Copyright 2005 Wendy E. Betts.
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Vol. 13, No. 4; October 2005
I Like Books written and illustrated by Anthony Browne. Knopf, 1989; Candlewick, 2004 (0-7636-2162-5) $8.99
A young chimp winsomely embodies his favorite types of books: carrying
a basket of books dressed as Little Red (fairy tales),
sitting on letters made of books (alphabet books), reading aloud on
a wall to a nervous Humpty Dumpty (nursery rhymes) and most memorably,
only partially colored in (coloring books.) The pages are framed with
appropriate whimsical motifs. This reprint in small, "super-sturdy"
picture book format is a good choice for beginning readers, but adult
fans will probably want the original edition, as the layout has changed.
(2 & up)
Here's a Penny written and illustrated by Carolyn Haywood. Harcourt, 1944; Odyssey, 2005 (0-15-205227-5) $16.00; (0-15-205225-9) $5.95 trade; Penny and Peter written and illustrated by Carolyn Haywood. Harcourt, 1946; Odyssey, 2005 (0-15-205232-1) $16.00; (0-15-205226-7) $5.95 trade
Less well known than Haywood's "Betsy" series, these are another warm, simple look at some of the small dreams, adventures and foibles of young childhood. "Penny" is really a little boy named William--but when Mother and Daddy went to the hospital to look for a baby to adopt, they found him with hair the color of "a brand-new copper penny."
In the first book, Penny adopts a kitten--and another kitten adopts him;
he and his friend Patsy fool their own parents with identical
Halloween costumes; and he finds the older brother of his dreams. The
second book finds Penny and his new brother Peter sharing fishing,
painting, camping... and accidents. Haywood's carefully drawn
black & white illustrations add to the cozy, old-fashioned charm of
these stories. (6-10)
Hero's Song by Edith Pattou. 1991; Magic Carpet 2005 (0-15-205542-8) $7.95 pb
Collun, a gentle gardener who thinks of himself as a coward, is forced to set out on a hero's journey when his sister Nessa disappears. Along the way he acquires several companions--his childhood friend Talisen, an aspiring bard; a helpful but amoral Ellyl (one of the Fair Folk); and an archer named Brie on a secret quest of her own--and learns some troubling truths about his past.
With roots in Celtic mythology, this sober, engrossing adventure is an
enjoyable read in the quest fantasy genre, though frequent echoes of
other books, particularly Tolkien's The Fellowship of the Ring,
are a bit distracting. (10 & up)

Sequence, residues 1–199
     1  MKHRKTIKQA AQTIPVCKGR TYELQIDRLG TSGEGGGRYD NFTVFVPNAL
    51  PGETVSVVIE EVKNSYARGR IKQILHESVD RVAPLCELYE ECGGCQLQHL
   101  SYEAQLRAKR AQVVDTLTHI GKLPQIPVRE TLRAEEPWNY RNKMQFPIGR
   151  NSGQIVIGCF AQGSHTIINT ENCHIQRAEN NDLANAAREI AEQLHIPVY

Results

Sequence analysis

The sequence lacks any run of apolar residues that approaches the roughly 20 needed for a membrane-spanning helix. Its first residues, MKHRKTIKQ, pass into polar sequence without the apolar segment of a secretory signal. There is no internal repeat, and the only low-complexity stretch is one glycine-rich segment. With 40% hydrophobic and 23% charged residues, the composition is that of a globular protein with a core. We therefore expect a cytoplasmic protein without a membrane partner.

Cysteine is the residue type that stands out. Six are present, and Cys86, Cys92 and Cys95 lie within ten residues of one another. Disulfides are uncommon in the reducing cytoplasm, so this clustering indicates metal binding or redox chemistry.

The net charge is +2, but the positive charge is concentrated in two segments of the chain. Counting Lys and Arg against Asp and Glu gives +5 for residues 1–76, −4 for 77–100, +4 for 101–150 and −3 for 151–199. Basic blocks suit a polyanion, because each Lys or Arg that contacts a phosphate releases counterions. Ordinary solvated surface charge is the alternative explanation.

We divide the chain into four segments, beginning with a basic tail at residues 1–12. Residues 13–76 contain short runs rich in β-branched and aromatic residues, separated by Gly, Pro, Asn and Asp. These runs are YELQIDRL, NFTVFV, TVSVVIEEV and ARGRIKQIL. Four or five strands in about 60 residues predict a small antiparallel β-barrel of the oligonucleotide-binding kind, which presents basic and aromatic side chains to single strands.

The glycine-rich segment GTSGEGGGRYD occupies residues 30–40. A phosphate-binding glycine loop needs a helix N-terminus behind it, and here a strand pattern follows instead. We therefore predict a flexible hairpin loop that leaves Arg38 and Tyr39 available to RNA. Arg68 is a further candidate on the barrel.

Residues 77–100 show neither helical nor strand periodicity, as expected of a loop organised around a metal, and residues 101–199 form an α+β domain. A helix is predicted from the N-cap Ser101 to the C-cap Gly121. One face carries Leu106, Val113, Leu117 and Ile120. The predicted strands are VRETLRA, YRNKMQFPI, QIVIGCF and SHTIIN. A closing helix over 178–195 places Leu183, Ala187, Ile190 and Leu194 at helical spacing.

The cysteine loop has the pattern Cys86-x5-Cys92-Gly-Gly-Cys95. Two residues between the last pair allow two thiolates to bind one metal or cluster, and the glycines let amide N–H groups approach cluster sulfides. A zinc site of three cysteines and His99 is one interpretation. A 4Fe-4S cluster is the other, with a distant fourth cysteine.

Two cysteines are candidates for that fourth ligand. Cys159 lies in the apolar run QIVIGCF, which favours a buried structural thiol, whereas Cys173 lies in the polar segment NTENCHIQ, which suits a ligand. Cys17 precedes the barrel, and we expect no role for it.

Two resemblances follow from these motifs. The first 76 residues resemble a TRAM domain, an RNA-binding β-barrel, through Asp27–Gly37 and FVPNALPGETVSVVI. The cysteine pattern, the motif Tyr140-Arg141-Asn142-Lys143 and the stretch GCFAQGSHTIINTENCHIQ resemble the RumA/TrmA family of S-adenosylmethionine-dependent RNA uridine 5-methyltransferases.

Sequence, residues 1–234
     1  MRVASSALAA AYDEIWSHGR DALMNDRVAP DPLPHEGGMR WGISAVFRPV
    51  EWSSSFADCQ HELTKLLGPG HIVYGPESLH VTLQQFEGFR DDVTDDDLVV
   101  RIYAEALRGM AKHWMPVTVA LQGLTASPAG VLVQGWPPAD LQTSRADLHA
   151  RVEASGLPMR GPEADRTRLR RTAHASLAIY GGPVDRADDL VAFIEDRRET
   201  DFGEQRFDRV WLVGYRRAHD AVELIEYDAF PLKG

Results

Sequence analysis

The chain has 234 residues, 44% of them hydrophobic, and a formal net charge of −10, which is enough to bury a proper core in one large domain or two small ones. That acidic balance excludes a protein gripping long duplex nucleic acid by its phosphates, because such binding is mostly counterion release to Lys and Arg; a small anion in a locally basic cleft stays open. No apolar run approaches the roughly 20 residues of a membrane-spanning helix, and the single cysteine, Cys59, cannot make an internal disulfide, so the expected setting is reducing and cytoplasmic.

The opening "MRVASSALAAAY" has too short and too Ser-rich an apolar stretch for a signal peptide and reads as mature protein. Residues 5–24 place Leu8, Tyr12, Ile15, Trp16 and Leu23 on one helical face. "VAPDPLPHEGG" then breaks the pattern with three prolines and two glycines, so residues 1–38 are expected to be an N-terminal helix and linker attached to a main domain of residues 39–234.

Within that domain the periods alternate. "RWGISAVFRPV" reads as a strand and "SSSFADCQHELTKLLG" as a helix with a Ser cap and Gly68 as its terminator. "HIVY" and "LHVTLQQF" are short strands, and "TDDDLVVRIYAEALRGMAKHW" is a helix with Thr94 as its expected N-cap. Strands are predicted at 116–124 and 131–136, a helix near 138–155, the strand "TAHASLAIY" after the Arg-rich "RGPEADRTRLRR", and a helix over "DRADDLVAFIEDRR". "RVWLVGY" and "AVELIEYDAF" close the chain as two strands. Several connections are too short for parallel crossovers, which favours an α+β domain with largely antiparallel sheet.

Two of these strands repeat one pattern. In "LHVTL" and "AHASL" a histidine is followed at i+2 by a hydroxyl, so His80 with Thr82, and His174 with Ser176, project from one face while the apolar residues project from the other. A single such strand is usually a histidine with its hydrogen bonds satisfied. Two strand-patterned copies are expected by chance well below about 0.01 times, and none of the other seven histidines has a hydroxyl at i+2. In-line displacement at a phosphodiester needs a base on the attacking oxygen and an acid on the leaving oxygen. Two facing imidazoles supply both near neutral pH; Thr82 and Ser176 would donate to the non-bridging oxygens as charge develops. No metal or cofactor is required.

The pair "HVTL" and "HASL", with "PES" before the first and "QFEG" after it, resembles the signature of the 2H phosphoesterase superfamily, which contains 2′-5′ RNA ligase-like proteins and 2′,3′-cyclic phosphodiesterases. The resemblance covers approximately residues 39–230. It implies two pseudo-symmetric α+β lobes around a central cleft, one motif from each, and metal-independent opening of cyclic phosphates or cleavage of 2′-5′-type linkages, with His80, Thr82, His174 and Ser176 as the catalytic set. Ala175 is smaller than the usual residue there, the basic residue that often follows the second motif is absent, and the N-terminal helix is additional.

Billy's Picture written and illustrated by Margaret and H.A. Rey. 1948; Houghton Mifflin, 2004 (0-618-49420-0) $5.95 pb
Lesser known than Curious George and long out of print, this
story is very welcome back. It starts with Billy the Bunny deciding
to draw a picture, but as he starts to draw an animal, various friends
drop by and decide the picture isn't quite right: Oliver the Owl
decides to put in wings, Ronny the Rooster thinks it should have a
comb, and of course Paul the Porcupine is sure it needs quills. Soon
the picture is like no animal ever seen and Billy is pretty upset:
"What I wanted to draw isn't a PUPPYGOOSE or a PORCUPHANT or whatever
you call this silly picture. All I wanted to draw was a picture of
myself!" And when he says that, all his friends realize that is what
they wanted to do too. And so they do. With sharply defined,
cheerful pictures in just four colors, and a story that will resonant
with any occasionally frustrated young artist, this unsophisticated book
has a basic, almost instinctual appeal, though the design makes the text
feel a little rushed. (2-5)
The Bridesmaid by Hailey Abbott. Delacorte, 2005 (0-385-73220-1) $7.95 pb
Athlete Abby hates all things mushy--with reason. Her family's wedding planning business has shown her that weddings make people insane, and that the only thing worse than a Bridezilla is a MOB (mother of the bride.) When Abby's own sister becomes engaged--to a man who lives thousands of miles away--Abby's hatred for weddings gets personal. Her sensible sister is suddenly freaking out about the color of ribbons on the menus, her normally affectionate parents are at each other's throats over the wedding style, and Abby has a terrible suspicion that the jerk who's taking her sister away may also be cheating on her.
As Abby tries to cope with the horror that is her sister's wedding, her own personal life is also getting increasingly complicated, thanks to her good friend Christopher and Noah, the unrequited crush of her life. Or is it unrequited?
The cover of this book screams "chick-lit" and what you see is pretty much what you get: chick-lit for teens. (Chick-lit lite? Chick-lit liter?) Not that there's anything wrong with that: it's a fast, fun read, with an enjoyable premise and likeable characters. And you could safely share it with your mom--or vice-versa. (12 & up)